Role of Famotidine and Other Acid Reflux Medications for SARS-CoV-2: A Pilot Study
Survey of 307 patients in the USA, showing no significant difference in COVID-19 cases with famotidine use.
risk of symptomatic case, 22.0% lower, RR 0.78, p = 0.49, treatment 18 of 80 (22.5%), control 49 of 227 (21.6%), adjusted per study, odds ratio converted to relative risk, multivariable.
recovery time, 36.9% lower, relative time 0.63, p = 0.32, treatment 80, control 227.
Effect extraction follows pre-specified rules prioritizing more serious outcomes. Submit updates
Balouch et al., 20 Jan 2021, retrospective, USA, peer-reviewed, 5 authors.
Abstract: ARTICLE IN PRESS
Role of Famotidine and Other Acid Reflux Medications for
SARS-CoV-2: A Pilot Study
*Bailey Balouch, *Swetha Vontela, *Heather Yeakel, †Ghiath Alnouri, and †,‡Robert T. Sataloff, *yPhiladelphia, and
Summary: Infection with severe acute respiratory syndrome coronavirus 2 (SARS-CoV-2) is responsible for the
coronavirus-19 disease (COVID-19) pandemic. The H-2 blocker famotidine has been suggested as an FDAapproved drug that could potentially be repurposed for treatment of COVID-19. Famotidine has since been shown
to improve patient outcomes and reduce symptom severity in patients acutely ill with COVID-19. Other studies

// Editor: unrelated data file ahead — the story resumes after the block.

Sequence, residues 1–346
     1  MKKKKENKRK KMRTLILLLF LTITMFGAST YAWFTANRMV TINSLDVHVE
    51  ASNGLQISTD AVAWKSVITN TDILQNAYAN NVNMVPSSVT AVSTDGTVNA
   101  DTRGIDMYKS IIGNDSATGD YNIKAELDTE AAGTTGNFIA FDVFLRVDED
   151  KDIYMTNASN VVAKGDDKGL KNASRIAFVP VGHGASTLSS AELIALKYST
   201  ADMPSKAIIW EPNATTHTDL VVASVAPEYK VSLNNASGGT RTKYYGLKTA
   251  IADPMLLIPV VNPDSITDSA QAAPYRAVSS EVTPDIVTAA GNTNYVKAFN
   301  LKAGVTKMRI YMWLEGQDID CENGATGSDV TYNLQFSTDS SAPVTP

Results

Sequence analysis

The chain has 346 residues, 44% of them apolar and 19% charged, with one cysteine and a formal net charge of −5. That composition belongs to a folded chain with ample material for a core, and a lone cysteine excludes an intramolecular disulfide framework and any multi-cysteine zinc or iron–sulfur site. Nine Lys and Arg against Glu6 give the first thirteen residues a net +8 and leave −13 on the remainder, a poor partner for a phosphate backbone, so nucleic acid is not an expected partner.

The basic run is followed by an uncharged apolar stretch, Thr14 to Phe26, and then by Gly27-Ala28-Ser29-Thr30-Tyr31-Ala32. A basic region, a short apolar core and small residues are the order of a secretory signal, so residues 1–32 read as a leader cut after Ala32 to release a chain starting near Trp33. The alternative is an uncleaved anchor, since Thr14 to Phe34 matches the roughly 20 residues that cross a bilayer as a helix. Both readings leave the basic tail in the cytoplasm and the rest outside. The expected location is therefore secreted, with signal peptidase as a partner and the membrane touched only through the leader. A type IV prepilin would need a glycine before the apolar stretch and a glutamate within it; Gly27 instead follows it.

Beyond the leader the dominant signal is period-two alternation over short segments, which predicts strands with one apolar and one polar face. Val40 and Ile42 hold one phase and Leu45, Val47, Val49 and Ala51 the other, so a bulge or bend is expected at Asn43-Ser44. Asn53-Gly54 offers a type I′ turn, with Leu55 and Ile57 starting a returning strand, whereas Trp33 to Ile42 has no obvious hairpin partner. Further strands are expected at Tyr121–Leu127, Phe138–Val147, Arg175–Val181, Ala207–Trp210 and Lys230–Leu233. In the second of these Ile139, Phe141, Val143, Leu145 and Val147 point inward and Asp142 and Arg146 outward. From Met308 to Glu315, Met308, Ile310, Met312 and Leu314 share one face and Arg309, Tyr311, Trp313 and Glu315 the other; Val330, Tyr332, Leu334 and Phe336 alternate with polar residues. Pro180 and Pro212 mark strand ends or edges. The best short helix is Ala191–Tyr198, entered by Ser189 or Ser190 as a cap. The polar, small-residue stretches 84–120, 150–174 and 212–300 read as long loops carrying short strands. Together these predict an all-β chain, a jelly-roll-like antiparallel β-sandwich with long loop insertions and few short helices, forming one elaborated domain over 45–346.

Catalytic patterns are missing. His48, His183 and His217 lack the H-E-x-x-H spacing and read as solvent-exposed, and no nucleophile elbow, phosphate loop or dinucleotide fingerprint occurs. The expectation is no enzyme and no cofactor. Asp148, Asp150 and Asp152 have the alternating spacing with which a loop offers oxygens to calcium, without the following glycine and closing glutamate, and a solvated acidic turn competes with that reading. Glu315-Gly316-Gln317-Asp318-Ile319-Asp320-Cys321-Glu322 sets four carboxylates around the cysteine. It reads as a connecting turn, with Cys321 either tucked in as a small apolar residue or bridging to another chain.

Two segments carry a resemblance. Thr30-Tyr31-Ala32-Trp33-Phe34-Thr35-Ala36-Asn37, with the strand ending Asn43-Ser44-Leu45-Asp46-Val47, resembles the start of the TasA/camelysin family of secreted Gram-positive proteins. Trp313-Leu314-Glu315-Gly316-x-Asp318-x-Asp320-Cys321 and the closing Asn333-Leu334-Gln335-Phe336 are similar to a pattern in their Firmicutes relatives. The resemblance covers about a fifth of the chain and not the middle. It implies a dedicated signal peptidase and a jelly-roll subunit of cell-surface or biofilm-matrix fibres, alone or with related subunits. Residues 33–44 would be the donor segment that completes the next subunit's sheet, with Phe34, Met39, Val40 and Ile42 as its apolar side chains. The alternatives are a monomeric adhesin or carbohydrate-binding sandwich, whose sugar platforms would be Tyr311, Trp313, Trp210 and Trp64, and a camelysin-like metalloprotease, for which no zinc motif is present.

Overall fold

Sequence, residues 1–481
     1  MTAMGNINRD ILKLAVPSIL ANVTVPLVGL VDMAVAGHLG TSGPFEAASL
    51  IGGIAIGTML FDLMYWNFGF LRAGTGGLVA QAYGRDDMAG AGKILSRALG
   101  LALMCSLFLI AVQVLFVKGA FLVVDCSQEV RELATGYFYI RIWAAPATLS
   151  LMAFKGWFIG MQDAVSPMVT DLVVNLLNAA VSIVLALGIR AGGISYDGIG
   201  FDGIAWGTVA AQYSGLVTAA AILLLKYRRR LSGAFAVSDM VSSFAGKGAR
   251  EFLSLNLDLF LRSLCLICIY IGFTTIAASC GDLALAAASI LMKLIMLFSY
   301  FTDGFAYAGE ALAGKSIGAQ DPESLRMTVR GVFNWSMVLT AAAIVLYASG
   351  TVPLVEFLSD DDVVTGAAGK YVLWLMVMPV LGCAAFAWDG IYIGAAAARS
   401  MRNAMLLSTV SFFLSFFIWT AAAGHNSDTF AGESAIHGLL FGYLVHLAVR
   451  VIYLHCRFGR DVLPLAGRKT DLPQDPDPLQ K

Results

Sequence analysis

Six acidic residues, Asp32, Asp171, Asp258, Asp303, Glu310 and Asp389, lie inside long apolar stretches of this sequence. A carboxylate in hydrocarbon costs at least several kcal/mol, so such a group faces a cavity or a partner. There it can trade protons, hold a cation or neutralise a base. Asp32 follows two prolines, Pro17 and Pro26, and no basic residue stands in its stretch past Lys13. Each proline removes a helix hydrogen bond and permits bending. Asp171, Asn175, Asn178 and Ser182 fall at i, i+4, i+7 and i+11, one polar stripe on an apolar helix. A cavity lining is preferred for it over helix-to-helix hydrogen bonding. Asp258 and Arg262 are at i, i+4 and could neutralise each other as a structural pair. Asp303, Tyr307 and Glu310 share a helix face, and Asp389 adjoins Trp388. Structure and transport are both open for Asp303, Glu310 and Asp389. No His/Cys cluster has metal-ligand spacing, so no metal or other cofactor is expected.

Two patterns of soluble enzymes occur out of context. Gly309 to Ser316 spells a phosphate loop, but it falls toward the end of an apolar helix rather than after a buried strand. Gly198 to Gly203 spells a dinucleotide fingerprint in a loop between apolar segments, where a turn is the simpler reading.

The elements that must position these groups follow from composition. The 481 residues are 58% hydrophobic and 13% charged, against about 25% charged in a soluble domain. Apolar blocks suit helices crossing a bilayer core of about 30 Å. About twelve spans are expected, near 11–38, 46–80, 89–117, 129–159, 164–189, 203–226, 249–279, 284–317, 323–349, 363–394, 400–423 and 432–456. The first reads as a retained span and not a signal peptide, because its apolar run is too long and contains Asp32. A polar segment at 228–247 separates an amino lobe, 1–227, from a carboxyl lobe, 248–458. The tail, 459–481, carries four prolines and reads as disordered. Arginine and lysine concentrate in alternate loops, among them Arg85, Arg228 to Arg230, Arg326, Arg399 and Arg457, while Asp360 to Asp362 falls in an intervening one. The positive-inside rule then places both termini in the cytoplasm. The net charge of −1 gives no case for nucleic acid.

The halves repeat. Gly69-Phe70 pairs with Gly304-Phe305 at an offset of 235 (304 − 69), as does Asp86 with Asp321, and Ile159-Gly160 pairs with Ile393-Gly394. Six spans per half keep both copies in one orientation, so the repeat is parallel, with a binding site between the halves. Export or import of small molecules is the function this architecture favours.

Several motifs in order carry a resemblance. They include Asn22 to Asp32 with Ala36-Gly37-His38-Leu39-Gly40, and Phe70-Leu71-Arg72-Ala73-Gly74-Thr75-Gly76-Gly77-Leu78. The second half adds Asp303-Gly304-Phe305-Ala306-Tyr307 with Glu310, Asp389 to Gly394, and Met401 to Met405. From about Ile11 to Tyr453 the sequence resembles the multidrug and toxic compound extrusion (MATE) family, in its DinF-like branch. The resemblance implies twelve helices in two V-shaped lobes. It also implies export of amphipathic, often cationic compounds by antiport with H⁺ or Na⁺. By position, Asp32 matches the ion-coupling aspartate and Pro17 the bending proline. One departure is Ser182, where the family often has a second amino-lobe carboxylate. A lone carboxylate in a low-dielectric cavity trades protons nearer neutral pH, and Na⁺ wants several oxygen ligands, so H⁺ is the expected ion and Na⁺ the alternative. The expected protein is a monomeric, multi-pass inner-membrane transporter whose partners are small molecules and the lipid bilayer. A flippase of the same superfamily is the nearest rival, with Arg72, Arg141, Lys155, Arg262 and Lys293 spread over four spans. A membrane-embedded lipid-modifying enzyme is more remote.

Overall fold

have suggested that proton pump inhibitors (PPIs) might have an association with COVID-19.
Objective. The purpose of the present study was to determine whether famotidine or any other antireﬂux medications have a prophylactic or detrimental effect for SARS-CoV-2 infection when taken regularly for the management
of acid reﬂux.
Methods. An anonymous, web-based survey was distributed via email to adult otolaryngology patients to collect
demographic data, past medical history, medication history, incidence of symptoms associated with COVID-19,
potential exposure to SARS-CoV-2, and results of any PCR or serological testing. Associations between reﬂux
medications and incidence of COVID-19 cases were analyzed. Statistical analysis was performed using SPSS. Chisquare with Fisher’s exact test, Point-Biserial correlation, Kendall’s-tau-b, independent samples t test, and the
Mann-Whitney U test were used as appropriate. A binary logistic regression model was ﬁt to determine probability
of COVID-19 cases after adjustment for other risk factors.
Results. There were 307 patients who responded to the survey. The average age of respondents was 52.63 § 17.03.
Famotidine use was not associated with incidence of laboratory-conﬁrmed (P= 0.717) or symptomatically suspected
(P= 0.876) COVID-19. No other reﬂux medications were found to be signiﬁcant predictors for laboratory-conﬁrmed
or suspected COVID-19 (P> 0.05). Younger age (odds ratio [OR] = 1.043, 95% CI: 1.020−1.065, P< 0.001), high risk
obesity (OR = 4.005, 95% CI: 1.449−11.069, P= 0.007), and use of a corticosteroid nasal spray (OR = 3.529, 95% CI:
1.352−9.211, P= 0.010) were signiﬁcant predictors for symptomatically suspected COVID-19 cases.
Conclusions. There was no association between incidence of COVID-19 and use of reﬂux medications, including
famotidine at doses used orally to manage reﬂux and high dose PPIs. Reﬂux medications did not protect against or
increase the risk of COVID-19.
Key Words: COVID-19−SARS-CoV-2−Famotidine−Proton pump inhibitor−Intranasal corticosteroid−Age
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